Al Shabab Attacks: Did the International Community Drop the Ball?

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Al-Shabab's local police force in Mogadishu. August 1, 2011
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Nairobi is still the scene of violence and a battle ground for the terrorist group Al Shabab and the Kenyan Military. The attack at the Westgate Shopping Mall has left at least 62 dead and 175 wounded.

Africa has become a growing source of terrorist activity over the last decade. In 2012 alone, Al Shabab joined forces with Al-Qaeda in Yemen and Northern Africa, and the terrorist organization Boko Haram in Nigeria. President Obama noted the growing problem of terrorism in Africa on his visit to the continent last July.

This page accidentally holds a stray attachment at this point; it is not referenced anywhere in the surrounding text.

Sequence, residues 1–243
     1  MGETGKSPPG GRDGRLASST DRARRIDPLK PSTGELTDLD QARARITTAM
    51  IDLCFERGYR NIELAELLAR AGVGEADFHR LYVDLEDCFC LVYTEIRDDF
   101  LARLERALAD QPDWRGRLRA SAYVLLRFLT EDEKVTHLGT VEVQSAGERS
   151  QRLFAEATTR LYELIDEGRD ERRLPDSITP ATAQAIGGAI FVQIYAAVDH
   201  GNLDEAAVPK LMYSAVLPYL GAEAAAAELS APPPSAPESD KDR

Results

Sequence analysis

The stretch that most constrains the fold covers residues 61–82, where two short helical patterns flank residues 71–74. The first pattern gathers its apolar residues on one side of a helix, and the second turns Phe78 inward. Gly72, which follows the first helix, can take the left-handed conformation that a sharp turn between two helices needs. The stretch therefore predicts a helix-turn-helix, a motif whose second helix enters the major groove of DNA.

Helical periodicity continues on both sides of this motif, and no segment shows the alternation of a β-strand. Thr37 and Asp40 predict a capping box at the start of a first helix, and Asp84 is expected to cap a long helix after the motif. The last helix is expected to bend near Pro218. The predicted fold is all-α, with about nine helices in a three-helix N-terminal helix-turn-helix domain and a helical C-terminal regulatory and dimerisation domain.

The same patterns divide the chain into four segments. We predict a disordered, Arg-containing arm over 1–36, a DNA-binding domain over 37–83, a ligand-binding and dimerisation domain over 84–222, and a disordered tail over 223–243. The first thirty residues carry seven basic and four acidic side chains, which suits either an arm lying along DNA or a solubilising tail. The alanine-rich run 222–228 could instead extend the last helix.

"Across the continent, there are places were, too often, fear prevails," President Obama told an audience at the University of Cape Town. "From Mali, to Mogadishu, senseless terrorism all too often perverts the meaning of Islam, one of the world’s great religions."

In the wake of the Westgate attack, has the international community done enough to stem the tide of terror in Africa? Jendayi Frazer, former U.S. Assistant Secretary of State for African Affairs and Distinguished Public Service Professor at Carnegie Mellon University, explores the U.S.'s role in combating terrorism across the content.